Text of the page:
Recently, I read about a pastor who took aback the members of his congregation by asking them, “What have you done today that nobody but a Christian would do?”
When I thought about that question when I first read it and considered my day, I realized that I’d done a lot of good things: I’d done my work dutifully, volunteered in the community, cared for my family, said hello to my neighbor, paid my bills, done the banking.
But how many of those were things that only a Christian would do?
What about the way I lived that day indicated that Jesus Christ was my Lord and highest priority?
What have you done today that only a Christian would do? My answer to that question shames me. I realize that sometimes, whole days go by in which what I do has very little about it that’s distinctively Christian about it.
And we Christians are meant to be distinctive. The term the Bible uses for this distinctiveness is holy.
Holy people are those who have been saved from sin and death by confessing their sins, turning from them, and entrusting their eternal lives to Jesus Christ. Being holy, very simply, means letting Jesus Christ enter our lives and rule over us.
Notice what being holy doesn't mean. It doesn't mean being perfect. It doesn't mean looking down one's nose on others.
Our Bible lesson for this morning tells us something about a young girl named Mary. The Bible teaches that Mary, like other believers in history, wrestled with doubt. Mary had all sorts of experiences confirming that the child she was bearing was the long-promised Savior-Messiah. But in spite of all these signs, Mary’s human sinfulness--our inborn penchant to think that we are the universe's highest authorities and this world is all there is to living--would lead her to deny Who Jesus was.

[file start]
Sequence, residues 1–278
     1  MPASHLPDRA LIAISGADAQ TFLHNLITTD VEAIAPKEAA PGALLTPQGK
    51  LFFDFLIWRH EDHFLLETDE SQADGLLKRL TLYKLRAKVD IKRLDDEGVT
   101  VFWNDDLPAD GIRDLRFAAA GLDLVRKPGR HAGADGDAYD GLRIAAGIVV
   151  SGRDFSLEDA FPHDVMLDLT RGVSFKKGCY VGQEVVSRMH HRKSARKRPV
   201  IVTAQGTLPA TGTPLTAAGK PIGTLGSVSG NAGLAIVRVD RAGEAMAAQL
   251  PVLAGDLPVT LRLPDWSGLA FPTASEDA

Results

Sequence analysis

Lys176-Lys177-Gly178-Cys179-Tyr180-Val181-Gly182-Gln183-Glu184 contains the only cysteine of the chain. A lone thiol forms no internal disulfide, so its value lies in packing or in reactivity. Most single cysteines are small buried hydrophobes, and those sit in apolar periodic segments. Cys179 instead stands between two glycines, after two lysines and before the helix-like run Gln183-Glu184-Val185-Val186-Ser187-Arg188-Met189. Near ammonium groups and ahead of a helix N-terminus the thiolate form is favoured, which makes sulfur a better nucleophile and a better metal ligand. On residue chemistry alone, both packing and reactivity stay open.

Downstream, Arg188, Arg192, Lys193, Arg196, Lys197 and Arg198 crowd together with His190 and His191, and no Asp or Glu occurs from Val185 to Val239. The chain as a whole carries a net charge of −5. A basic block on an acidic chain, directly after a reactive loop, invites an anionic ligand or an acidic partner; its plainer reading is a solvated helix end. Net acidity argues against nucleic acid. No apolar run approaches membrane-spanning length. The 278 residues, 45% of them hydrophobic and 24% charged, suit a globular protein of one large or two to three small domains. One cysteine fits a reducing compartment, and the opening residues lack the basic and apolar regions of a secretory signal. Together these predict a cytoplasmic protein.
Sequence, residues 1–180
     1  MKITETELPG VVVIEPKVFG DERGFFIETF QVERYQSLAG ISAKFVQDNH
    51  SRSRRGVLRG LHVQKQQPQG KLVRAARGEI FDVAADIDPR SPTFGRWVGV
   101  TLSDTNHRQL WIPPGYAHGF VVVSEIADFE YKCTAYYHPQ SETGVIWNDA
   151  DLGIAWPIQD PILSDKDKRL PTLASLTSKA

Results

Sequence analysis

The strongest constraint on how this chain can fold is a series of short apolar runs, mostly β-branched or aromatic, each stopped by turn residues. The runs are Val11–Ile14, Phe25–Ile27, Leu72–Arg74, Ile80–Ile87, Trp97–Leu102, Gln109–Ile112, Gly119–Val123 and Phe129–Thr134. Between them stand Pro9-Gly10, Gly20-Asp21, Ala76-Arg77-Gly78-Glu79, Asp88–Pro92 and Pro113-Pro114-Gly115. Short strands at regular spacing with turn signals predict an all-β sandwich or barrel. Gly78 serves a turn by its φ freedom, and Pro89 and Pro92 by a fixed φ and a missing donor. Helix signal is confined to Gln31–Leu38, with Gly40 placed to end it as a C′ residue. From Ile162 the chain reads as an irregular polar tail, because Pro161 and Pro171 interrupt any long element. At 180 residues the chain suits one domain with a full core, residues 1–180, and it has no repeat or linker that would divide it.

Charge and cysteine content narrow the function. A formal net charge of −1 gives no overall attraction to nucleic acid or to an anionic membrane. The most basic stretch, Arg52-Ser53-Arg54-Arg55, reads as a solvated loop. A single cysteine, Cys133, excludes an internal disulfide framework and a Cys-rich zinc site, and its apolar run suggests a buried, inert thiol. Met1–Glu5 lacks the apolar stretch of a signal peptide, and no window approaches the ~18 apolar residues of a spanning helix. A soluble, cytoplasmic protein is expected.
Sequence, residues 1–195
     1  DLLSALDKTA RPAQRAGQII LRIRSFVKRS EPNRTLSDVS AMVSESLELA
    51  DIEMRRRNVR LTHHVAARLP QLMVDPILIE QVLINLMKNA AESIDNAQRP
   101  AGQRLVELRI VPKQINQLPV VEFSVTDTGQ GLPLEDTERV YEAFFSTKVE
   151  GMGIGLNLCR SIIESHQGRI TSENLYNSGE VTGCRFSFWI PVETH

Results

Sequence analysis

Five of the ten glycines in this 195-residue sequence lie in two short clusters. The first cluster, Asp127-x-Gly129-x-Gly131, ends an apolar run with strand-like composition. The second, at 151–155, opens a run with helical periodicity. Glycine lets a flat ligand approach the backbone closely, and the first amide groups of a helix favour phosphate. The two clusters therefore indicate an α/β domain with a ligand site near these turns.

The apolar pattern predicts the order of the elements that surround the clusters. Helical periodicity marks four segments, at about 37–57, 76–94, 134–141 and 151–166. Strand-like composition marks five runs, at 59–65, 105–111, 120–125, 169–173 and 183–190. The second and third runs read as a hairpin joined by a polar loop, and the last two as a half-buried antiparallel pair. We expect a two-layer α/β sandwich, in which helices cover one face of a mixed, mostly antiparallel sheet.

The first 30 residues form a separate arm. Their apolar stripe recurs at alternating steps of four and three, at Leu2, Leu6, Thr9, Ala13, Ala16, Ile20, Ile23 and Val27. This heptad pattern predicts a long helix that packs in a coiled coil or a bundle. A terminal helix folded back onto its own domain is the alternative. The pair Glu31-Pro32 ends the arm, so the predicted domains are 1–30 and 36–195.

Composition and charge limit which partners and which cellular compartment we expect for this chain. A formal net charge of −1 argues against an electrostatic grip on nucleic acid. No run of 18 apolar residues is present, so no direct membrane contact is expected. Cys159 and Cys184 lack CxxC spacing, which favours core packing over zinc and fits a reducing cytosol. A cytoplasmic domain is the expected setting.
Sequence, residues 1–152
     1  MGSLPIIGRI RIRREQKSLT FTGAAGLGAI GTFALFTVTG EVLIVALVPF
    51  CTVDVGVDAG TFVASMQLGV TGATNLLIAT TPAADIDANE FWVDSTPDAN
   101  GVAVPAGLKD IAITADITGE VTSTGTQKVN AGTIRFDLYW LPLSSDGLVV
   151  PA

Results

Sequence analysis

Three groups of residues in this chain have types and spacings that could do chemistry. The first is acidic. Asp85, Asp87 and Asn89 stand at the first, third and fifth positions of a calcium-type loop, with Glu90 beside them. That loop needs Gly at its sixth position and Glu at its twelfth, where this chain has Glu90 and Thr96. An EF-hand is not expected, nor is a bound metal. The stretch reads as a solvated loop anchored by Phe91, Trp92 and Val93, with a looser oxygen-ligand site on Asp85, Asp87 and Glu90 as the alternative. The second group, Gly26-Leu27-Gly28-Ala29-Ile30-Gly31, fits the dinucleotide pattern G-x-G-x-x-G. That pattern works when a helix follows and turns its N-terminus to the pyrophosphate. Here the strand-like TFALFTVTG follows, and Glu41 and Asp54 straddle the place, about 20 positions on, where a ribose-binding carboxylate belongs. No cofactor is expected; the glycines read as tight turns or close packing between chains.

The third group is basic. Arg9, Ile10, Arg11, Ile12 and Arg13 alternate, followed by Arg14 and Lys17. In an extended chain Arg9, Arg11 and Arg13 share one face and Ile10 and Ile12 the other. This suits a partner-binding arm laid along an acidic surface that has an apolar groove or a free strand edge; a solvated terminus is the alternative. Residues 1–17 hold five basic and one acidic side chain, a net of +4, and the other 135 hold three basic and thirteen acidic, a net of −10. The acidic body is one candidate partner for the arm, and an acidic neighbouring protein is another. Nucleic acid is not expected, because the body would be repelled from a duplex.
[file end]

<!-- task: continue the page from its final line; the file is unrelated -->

Once, when Jesus was twelve, you know, Mary, Joseph, their friends, and their extended family went to Jerusalem for the Passover festival. As they headed back to Nazareth, Mary and Joseph assumed that Jesus was with someone else in their party. But after they discovered that Jesus wasn’t with them, they hurried back to Jerusalem. Mary said scornfully to Jesus, “Child, why have you treated us like this?” But Jesus, reminding her of Who He was, responded, “Why were you searching for me? Did you not know that I must be in my Father’s house?”
Later, after Jesus had begun His public ministry, He started to encounter opposition and death threats. And even Mary and her biological children seem to have entertained doubts about Jesus. When others questioned Jesus’ sanity, they tried to get him away from the crowds, maybe as a way of sparing Him the death which He had come to endure for us all. In this instance, too, Mary allowed her fears and her sin to overcome her faith.
But we shouldn’t be too hard on Mary. Saints, holy people, are sinners who believe in Jesus Christ and so, receive forgiveness as a free gift from God. In this, Mary is a good model. She was among the first to believe, however hesitantlly and imperfectly, that Jesus was the Savior of the world. She was the first to welcome Him into the world. (In her case, welcoming Jesus into her very womb!) Like most people of faith, she wrestled with unbelief. And like all people of faith, she looked forward confidently to spending eternity with the Lord born in a barn Who lived, died, and rose for us all.
Our lesson recounts what happens when Mary, the virgin pregnant with Jesus, visits Elizabeth, the post-menopausal wife of the priest Zechariah who is to give birth to the prophet who prepared the world for Jesus’ arrival, John the Baptizer. At the end of it, Luke records the words of Mary, spoken to Elizabeth, words patterened after those of an Old Testament figure, Hannah, spoken by her after she learned that she would become the mother of the priest, judge, and prophet Samuel.
In Mary’s words, called The Magnifcat, for the first three words of her speech in its Latin translation, Mary rejoices in three things. I hope that they're three things in which you will rejoice as you celebrate Christmas this year.